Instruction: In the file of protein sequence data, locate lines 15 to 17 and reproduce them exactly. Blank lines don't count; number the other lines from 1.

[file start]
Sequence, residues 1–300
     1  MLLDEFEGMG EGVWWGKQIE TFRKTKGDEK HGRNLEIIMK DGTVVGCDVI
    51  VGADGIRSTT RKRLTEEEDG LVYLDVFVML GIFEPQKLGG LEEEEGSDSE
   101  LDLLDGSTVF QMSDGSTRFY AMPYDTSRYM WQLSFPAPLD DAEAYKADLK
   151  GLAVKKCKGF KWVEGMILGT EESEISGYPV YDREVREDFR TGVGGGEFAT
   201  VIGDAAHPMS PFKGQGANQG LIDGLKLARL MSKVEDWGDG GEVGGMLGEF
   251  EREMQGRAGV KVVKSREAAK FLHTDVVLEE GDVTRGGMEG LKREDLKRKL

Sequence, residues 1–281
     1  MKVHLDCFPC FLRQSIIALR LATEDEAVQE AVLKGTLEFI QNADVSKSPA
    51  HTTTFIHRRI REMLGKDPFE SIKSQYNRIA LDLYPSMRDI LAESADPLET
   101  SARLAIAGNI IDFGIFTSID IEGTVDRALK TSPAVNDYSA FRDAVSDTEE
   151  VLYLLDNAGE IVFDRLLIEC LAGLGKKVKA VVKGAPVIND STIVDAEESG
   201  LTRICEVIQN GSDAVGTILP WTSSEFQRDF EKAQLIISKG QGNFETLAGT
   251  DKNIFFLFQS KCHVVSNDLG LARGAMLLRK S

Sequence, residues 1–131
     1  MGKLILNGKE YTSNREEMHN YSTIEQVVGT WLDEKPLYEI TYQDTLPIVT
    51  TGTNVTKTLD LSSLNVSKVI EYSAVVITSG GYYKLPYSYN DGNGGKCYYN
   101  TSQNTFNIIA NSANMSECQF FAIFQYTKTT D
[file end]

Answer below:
Sequence, residues 1–131
     1  MGKLILNGKE YTSNREEMHN YSTIEQVVGT WLDEKPLYEI TYQDTLPIVT
    51  TGTNVTKTLD LSSLNVSKVI EYSAVVITSG GYYKLPYSYN DGNGGKCYYN